Social Networking and the Web: An unreliable distribution channel?

Just before I went on my summer break, an interesting article crossed my PC screen – “Social sites losing popularity with young”  – an article in the FT on 6th August[1].

This article makes two interesting points:

(1)  The number of “young” internet users (defined as 15 to 24 year olds) using social networking sites (such as MySpace and Facebook) has, surprisingly, declined for the first time.
(2)  These sites (and others such as LinkedIn) are growing in popularity – but only in terms of older internet users.  However,  these may be totally new social networking users looking to adopt social networking as part of a post redundancy job search exercise.

For me, these are interesting findings and support my own thinking that both the use of the internet and social networking media is at a relatively immature stage and may not offer businesses the total relationship building and distribution solution that many are wishing for.  Therefore, basing a long-term business model on these routes may be risky.

We can make some early inferences:

(a) Usage of the web, and particularly social networking sites, will probably change depending upon the user’s age and life cycle stage.

(b) Users – and I would suggest particularly younger users – will be relatively ‘promiscuous’. From my own family experience, I was surprised to see how quickly MySpace fell from fashion to be replaced by Facebook.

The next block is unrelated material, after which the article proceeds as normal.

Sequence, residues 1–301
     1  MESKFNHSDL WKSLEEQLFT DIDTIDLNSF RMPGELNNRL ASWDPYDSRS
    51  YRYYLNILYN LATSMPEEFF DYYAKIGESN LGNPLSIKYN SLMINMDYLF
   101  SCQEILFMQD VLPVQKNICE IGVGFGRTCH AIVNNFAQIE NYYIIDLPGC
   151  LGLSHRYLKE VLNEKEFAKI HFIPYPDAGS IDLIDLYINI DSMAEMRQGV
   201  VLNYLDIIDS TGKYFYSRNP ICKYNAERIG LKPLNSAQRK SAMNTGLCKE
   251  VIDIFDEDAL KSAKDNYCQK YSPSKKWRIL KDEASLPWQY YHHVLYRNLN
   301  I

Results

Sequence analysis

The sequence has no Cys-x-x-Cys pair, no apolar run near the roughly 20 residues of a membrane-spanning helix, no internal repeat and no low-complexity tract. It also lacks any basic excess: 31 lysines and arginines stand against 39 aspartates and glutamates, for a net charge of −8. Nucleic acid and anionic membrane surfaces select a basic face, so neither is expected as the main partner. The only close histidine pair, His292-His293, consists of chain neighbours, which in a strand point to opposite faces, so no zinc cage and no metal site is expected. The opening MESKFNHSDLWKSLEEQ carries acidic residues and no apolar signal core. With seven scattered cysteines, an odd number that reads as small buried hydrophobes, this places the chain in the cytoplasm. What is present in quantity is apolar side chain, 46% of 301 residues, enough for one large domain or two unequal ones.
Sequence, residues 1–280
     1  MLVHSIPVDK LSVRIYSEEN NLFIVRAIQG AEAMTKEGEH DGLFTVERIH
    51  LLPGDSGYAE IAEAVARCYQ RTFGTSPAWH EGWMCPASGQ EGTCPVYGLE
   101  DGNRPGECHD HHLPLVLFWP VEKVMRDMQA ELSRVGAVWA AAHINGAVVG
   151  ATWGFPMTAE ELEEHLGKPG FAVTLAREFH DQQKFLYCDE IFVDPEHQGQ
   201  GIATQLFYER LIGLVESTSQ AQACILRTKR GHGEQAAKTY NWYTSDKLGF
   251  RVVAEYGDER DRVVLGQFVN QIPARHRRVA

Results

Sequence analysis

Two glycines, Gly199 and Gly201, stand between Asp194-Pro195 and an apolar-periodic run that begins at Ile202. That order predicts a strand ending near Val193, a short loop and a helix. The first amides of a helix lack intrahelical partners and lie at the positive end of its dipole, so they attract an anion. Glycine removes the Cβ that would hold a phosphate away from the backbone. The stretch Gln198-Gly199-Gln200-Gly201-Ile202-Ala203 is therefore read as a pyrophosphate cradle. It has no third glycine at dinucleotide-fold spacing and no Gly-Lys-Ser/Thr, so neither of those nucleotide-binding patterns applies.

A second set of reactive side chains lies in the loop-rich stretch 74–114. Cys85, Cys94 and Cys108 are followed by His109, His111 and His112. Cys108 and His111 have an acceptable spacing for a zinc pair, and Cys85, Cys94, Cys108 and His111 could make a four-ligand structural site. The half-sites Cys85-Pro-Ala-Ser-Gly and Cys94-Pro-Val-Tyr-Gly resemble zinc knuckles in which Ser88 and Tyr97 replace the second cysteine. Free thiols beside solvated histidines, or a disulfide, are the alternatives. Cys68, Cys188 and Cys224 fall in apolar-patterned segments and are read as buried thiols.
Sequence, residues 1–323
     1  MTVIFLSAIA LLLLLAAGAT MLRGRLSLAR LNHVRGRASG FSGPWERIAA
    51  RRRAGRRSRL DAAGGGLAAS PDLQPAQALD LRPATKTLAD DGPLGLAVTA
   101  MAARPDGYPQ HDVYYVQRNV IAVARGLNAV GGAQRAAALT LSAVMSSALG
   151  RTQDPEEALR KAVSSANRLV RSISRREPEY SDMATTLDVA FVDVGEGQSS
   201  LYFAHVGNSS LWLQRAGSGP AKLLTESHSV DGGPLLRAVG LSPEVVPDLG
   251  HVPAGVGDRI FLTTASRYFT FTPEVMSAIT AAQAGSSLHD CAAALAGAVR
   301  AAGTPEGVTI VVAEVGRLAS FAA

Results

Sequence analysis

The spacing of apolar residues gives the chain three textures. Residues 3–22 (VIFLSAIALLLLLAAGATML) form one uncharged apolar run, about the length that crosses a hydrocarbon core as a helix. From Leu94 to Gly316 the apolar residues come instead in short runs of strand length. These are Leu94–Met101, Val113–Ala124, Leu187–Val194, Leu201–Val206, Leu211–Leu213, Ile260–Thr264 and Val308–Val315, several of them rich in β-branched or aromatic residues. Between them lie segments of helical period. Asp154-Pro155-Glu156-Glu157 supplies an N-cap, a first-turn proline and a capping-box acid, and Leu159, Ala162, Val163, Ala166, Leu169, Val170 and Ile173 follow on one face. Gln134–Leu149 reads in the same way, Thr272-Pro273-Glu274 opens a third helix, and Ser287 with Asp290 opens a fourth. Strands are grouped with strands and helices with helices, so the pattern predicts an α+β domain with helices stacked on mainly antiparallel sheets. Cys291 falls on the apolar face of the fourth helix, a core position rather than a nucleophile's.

(c) Social networking – a lifecycle. Early indications are that the lifecycle of social networking sites – such as Friends Reunited for example – may be surprisingly short. This leaves us with the question – what will replace Facebook?

If we couple these findings with other work (for example [2]) that looks at the emerging effects on consumer behaviour of the recession – especially amongst generation Y (the offspring of generation X – the ‘baby boomers’) – a complex picture merges. Early research on recession effects inform us that there may be a growing mistrust of larger corporations – and a need for greater personal inter-action – a ‘visible not digital handshake’.

So, a wholly web based distribution and relationship building strategy could look fairly shakey.

If customer lifetime and loyalty maximisation are important for your business then a far more complex model may be needed of which the web and social networking are but two components.

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[1] M. Palmer, “Social sites losing popularity with young,” Financial Times, August 6.
[2] U. Haque, “The Generation M Manifesto,” Harvard Business Publishing, Jul. 2009.

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